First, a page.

Poster Presentation Science Protecting Plant Health 2017

Soil quality indicators to detect suppression of Fusarium wilt in bananas in the Philippines (#150)

Tamsi Jasmin D. Gervacio 1 , Anthony B. Pattison 2 , Stewart Lindsay 2 , Agustin B. Molina 3 , Christine Rose C. Ansale 1 , Gretchie Castanares 1 , Doreen Mariz T. Pio 1 , Kit Bryan C. Balayo 1 , Cesar B. Limbaga 1 , Marvin Ray A. Tagan 1 , Franz Kevin A. Colaja 1 , Nelvin Villason 1 , Francis Guiller B. Trajera 1 , Carlito Jr. M. Hindoy 1
  1. University of Southeastern Philippines, Davao City, DAVAO DEL SUR, Philippines
  2. Agriculture and Fisheries, Queensland Department of Agriculture and Fisheries, South Johnston, Queensland, Australia
  3. Bioversity International, Los Banos, Laguna, Philippines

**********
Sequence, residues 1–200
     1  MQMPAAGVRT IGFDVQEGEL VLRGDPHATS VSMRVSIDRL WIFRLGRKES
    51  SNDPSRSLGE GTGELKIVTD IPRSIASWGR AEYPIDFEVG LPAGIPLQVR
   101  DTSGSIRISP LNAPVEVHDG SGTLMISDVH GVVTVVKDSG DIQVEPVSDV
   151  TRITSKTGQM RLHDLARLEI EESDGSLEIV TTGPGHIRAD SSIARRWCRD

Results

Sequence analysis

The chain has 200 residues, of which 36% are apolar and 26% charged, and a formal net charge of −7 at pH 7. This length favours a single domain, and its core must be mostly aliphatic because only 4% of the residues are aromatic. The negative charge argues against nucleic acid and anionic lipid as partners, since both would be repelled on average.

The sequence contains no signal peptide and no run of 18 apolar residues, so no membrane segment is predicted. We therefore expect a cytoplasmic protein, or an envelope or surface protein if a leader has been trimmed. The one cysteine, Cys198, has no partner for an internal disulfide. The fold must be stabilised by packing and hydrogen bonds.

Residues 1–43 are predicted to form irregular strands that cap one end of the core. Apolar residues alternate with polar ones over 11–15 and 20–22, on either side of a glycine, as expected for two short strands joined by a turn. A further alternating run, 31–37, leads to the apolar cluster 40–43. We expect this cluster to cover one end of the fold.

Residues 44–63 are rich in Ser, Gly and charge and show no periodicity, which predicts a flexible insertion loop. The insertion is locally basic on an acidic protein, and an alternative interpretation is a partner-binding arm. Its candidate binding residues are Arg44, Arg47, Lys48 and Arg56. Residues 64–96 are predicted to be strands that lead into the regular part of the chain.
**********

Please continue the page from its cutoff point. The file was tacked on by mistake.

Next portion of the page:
Banana is a major export commodity in the Philippines with exports valued at US$1000 million in 2013. However, the incursion of Fusarium wilt Tropical Race 4 (TR4) (Fusarium oxysporum f. sp. cubense) has seriously jeopardised the export banana industry. To reduce the impacts of TR4 on banana production, field and greenhouse pot experiments were established to investigate the standard production methods of Grand Naine with the use of resistant clones GCTCV 218 in modified production systems. In the greenhouse experiment, Grand Naine inoculated with TR4 was grown with four groundcovers species alone or in combinations and compared with GCTCV 218, GCTCV 219, and bare soil. The field experiment was established on a commercial banana plantation where GCTCV218 was compared with Grand Naine grown in bare soil or with Arachis pintoi groundcover and with the application of a biocontrol product. Disease incidence, severity and plant growth parameters were determined at biweekly intervals in the greenhouse and monthly intervals in the field experiment. To understand changes in soil microbial activity, soil enzyme activity and Community Level Physiological Profiles (CLPP) were determined in both experiments. In the greenhouse experiment, there was increased FDA enzymatic activity with GCTCV218. Similarly, in the field experiment there was greater CLPP diversity and utilisation of the organic and amino acids under the cultivar GCTCV218. GCTCV218 significantly reduced disease incidence, 7.5% relative to Grand Naine 37.3 % after 12 months.  The biocontrol and groundcovers had no significant effects on disease or soil microbial activity over the course of the two experiments.  The resistance of GCTCV218 could be due to changes in the microbial profile relative to Grand Naine, but this requires further investigation.  However, the results indicated that the cultivar GCTCV218 could be part of a solution for small holder banana growers affected by TR4 in the Philippines.